filling and closed off the sensor column so it could make its
By the same token, some work totally on a fill time factor.
If your line pressure is 30 psi instead of the nominal 60 psi you may
end up having to use higher water level settings to get the right
amount of water in the drum.
<< If your line pressure is 30 psi instead of the nominal 60 psi you may end up
having to use higher water level settings to get the right
amount of water in the drum. >>
Gary, what is the reccomended water line pressure? I'm running around 80 psi.
My neighbor says this is a bit high, he'd set the regulator to about 60.
I believe when the township changed the meter, they checked and set the
email@example.com (TOM KAN PA) verbositized:
Most solenoid valves and other fill valves are designed for a 60psi
nominal water pressure!
You will find older cities that still have lead pipe service lines
often keep their mainline water pressure down around 30psi, so you
don't see many regulators in use. Whereas almost all service areas
since the 1940's have fairly high water pressure, between 80 and 120
psi in the mains, so the homes serviced by these higher pressure lines
normally have regulators to cut the pressure back to 60psi.
In the 25+ years I was in construction, every home I worked in had a
pressure regulator installed, set at 60psi, except for one single
outdoor faucet, whichever was closest to the driveway, which bypassed
the regulator so whatever supply pressure was available, was available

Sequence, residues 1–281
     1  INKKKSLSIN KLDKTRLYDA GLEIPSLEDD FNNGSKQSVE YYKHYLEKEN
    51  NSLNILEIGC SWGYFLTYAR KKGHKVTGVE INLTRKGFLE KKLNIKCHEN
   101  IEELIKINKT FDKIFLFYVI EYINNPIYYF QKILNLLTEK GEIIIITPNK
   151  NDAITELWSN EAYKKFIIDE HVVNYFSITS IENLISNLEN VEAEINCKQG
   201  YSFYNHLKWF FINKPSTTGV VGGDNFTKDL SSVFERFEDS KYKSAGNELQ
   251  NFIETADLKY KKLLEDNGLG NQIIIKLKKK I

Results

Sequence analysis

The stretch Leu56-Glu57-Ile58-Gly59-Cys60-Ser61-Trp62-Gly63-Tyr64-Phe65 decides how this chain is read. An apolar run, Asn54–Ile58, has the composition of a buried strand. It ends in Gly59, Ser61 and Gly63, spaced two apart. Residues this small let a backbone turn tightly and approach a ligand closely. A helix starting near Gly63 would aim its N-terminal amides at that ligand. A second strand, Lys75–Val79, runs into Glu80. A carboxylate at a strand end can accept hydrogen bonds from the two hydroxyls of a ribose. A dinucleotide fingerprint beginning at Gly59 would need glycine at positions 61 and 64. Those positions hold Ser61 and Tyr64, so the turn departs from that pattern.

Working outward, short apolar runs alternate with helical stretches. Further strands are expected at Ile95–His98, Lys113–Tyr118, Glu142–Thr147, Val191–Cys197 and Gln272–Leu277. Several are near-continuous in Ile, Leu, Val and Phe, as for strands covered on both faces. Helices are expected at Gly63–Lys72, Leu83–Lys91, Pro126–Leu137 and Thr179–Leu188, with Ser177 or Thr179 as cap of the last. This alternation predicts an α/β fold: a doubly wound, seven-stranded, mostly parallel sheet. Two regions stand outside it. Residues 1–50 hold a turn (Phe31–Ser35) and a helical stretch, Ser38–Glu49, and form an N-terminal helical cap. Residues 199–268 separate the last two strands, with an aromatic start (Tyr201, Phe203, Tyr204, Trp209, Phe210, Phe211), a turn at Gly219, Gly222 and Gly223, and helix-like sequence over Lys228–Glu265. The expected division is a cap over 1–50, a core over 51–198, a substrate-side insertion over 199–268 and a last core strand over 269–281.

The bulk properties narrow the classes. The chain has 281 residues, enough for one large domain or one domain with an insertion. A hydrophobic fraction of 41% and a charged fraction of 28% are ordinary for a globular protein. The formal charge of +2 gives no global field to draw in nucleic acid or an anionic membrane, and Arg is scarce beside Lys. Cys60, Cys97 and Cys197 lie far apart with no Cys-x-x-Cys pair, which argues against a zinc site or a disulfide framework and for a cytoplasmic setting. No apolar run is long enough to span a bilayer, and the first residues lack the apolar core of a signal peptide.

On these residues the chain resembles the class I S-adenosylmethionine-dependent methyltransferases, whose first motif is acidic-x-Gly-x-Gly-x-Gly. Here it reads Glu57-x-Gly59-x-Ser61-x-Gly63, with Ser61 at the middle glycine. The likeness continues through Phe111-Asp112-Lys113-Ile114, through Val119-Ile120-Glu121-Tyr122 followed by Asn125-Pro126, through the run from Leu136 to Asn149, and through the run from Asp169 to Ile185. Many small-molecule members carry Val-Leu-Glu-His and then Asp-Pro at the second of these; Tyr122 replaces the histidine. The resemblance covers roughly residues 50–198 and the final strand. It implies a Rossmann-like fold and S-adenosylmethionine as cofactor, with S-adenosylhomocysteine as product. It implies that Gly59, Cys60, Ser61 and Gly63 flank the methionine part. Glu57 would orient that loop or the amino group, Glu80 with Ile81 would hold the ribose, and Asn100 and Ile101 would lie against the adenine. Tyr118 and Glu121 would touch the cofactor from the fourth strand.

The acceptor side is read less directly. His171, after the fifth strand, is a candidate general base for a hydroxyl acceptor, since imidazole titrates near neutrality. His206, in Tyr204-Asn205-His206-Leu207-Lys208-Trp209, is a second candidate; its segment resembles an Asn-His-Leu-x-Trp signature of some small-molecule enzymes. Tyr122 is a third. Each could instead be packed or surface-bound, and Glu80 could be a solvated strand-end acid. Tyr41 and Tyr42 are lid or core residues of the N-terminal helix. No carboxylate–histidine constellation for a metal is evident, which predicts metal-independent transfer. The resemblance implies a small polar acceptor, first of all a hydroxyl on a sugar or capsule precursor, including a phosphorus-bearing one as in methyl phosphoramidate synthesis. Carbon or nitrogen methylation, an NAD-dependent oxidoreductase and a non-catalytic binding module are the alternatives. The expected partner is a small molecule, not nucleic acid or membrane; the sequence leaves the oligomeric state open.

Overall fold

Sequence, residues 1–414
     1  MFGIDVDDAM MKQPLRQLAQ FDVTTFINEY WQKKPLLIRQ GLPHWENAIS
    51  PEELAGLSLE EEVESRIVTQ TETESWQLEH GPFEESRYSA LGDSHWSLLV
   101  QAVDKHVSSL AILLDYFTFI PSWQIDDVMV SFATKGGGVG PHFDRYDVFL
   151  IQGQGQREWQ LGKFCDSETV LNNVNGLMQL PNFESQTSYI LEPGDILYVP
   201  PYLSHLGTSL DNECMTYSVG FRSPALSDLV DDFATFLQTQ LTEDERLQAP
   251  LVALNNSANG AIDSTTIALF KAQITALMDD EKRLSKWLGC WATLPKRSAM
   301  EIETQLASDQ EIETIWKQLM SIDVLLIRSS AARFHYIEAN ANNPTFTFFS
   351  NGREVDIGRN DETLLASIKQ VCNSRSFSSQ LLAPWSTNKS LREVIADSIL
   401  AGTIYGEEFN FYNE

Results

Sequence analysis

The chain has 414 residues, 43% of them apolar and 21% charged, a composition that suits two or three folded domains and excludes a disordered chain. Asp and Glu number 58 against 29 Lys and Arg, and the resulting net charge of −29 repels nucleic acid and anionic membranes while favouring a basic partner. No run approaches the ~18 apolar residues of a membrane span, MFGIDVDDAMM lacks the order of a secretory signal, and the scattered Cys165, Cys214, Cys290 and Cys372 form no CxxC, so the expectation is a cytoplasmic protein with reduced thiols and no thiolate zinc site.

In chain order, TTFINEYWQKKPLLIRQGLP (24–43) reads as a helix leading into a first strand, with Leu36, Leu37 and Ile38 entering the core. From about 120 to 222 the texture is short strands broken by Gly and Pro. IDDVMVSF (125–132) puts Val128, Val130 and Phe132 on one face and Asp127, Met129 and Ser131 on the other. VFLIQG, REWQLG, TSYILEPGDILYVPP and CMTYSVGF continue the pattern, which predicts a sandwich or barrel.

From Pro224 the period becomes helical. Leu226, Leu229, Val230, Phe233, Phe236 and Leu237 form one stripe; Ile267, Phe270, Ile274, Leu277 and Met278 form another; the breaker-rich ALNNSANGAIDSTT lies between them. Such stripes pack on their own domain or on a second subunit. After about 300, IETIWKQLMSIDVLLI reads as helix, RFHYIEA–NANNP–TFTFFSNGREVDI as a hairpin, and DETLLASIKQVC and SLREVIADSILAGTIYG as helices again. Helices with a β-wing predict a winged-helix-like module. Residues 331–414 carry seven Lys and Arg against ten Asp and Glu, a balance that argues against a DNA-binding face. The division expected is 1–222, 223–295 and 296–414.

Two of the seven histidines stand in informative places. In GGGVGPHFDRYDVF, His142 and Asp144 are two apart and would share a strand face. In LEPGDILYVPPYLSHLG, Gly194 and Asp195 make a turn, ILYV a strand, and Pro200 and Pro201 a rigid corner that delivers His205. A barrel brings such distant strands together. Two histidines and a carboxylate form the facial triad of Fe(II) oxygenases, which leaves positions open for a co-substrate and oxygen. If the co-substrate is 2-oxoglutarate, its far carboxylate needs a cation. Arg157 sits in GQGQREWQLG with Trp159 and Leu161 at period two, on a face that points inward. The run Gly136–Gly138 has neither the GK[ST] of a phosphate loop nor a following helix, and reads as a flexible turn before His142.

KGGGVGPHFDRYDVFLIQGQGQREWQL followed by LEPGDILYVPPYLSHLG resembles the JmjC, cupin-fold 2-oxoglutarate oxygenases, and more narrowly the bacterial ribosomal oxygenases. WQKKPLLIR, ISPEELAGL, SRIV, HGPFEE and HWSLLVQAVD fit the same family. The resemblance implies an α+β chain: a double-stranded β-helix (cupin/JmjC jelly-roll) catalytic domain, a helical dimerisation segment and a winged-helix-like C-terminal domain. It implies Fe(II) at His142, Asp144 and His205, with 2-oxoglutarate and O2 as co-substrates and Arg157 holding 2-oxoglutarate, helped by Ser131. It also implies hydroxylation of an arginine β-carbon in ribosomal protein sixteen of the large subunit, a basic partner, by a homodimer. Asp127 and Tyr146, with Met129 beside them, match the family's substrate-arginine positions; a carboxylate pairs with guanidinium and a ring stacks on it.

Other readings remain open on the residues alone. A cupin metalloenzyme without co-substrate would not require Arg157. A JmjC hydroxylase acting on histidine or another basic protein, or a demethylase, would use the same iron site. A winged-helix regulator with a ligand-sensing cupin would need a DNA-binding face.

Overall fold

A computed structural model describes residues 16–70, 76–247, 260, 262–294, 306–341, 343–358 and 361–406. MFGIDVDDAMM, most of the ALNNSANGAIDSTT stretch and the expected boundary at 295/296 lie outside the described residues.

at this one single faucet. Very few homes had more than one of the
outdoor faucets bypassing the regulator.
Running your regulator over the nominal 60psi setting can cause
premature failure of solenoid valves, such as in washing machines, ice
makers, water dispensers, etc. and can cause your fill valve in the
water closet to fail prematurely also or even prevent it from shutting
completely off. Washerless faucets (cartridge faucets) will wear out
much quicker also. Some low end single handle faucets won't even shut
off at all if the psi is much over the nominal 60psi it was designed
What washing machine fills the tub strictly by timing? There's a vast
difference in flow depending on pipe size, pipe material, pressure at
the mains, and other household water demands.
Restrictive tubing is used that allows for a plus or minus 20%
variance in line pressure.
Water pressure IS like horsepower to a certain extent. The higher the
pressure, the greater amount of water that will pass through a
However, using a LONG tube as the restrictor (instead of plate) brings
line resistance into the equasion. Which helps balance the water flow
more accurately against fluctuating line pressures.
Take your refrigerator ice maker as an example. It's fill is
determined ONLY by a time factor. In older cities where line pressure
is only 30psi, the ice maker timer needs to be increased in order for
the tray to fill to the proper level, else you get very tiny ice
Using pressure sensors in washing machines to determine the fill level
is a fairly new advancement in their design. Early washing machines
used only the timer and overflows to control the water level.
These pressure sensors are not very accurate either!
Depending upon the barometric pressure at the time you are filling
your washing machine, the water level can vary considerably. As well
as your location above sea level.
Take two identical washing machines and send one to Denver and one to
Miami and you will have a 2 inch water level difference in the tub at
the same barometric pressure reading.